Phelps, TableTop, and Mount Colden (Winter)

posted in: 46er, Adirondacks, Landscape | 0

With the forecast calling for cold rain, probably the worst hiking conditions, I decided to take another “easy” day. That meant setting out for Phelps and TableTop, about 13.5 miles round trip from the Adirondack Loj.

It started snowing in the parking lot, where I happened to run into Rich — the super-hiker I saw at 6AM on Saturday — and he was still hiking since then (Monday). He had a spot on his nose from where he fell asleep while hiking Allen. Not deliberately, as in setting up a sleeping bag or something, he just dozed off mid stride like can happen driving. Wow.

In order to foil the rain, I decided that starting early and gaining elevation would keep it snow. I was correct, even more than I expected. There was at least 6 inches of new powder going up both Phelps and TableTop, making them fun trail breaking hikes. The wind was whipping, however, forcing my head down at least for the ascents.

TableTop has been re-routed from the last time I was there, and I loved the new trail. Where the old trail was just a straight, dark ditch which ascended straight up the mountain, the new trail angles in nicely and creates a gentler approach.

The re-routed trail also sits very nearly at the top of Indian Falls, which I knew crossed over to Mount Colden…so I decided to keep going. I had never been down the Indian Falls cut-over and like the other trails was covered in new powder, making it pretty and less windy than the summits. The cut-over intersects the Lake Arnold trail about 1.8 miles from the summit of Mount Colden.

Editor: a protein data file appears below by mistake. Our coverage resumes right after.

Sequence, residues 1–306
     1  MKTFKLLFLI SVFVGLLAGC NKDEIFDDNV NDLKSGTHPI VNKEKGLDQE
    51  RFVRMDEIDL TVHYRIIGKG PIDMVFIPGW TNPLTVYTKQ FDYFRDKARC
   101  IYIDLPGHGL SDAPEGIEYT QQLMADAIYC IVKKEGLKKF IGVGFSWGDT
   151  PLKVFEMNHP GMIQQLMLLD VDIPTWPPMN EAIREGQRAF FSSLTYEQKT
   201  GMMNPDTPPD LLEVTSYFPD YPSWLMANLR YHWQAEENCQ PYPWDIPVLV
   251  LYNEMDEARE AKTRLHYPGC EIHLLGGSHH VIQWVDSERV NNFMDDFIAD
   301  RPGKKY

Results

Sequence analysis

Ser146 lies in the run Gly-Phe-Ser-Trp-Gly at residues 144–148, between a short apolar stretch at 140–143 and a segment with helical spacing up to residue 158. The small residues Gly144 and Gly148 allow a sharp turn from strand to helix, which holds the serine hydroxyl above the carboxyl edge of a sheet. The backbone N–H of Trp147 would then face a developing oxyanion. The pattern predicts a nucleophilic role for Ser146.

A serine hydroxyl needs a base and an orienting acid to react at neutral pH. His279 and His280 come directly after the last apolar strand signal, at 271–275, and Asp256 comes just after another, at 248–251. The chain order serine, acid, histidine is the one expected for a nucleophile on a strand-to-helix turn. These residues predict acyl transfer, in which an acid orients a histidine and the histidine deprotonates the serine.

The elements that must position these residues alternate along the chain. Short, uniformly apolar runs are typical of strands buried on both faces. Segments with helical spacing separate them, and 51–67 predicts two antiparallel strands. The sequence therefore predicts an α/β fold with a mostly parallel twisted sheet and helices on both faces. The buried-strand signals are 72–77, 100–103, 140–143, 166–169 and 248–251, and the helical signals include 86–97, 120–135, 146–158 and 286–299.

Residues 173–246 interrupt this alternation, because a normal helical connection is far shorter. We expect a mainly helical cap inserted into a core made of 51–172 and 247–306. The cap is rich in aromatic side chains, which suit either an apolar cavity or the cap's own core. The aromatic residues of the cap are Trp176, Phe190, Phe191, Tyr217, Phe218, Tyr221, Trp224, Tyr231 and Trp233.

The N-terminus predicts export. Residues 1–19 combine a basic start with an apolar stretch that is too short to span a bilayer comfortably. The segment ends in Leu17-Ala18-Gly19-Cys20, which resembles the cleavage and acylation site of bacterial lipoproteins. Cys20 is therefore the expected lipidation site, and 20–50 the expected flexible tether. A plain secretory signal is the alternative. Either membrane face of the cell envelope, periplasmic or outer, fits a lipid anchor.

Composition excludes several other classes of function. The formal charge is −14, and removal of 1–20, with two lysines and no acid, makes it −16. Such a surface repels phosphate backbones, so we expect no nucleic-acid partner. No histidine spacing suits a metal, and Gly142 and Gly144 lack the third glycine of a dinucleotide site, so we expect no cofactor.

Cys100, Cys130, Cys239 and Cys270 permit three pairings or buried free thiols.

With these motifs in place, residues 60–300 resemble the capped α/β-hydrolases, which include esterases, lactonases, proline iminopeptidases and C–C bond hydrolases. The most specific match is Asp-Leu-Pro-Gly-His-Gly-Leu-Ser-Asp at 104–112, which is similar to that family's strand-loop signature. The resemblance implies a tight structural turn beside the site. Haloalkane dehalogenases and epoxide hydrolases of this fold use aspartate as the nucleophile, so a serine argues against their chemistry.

I ascended the L. Morgan Porter trail to Mount Colden, which was covered in new snow and some heavy drifts. The wind was eerily calm on the eastern side of the mountain, and as soon as I popped out on the north (false) summit I was pelted with gale-force winds. I made a quick left turn for the actual summit.

Some of the drifts were taller than me, in particular the one which nearly covered a giant boulder near the summit under which the trail runs. It was like climbing a haystack (the farm ones, not the mountain) and once past the boulder I was exposed to the windward side of Colden, so I didn’t linger.

After 17.9 miles (or so) I was back at the car. I kept a slower than usual pace in the hopes that I felt better at the end, and I think I did. But hey, I got to play in soft snow all day long. What’s not to be happy about?

 

 

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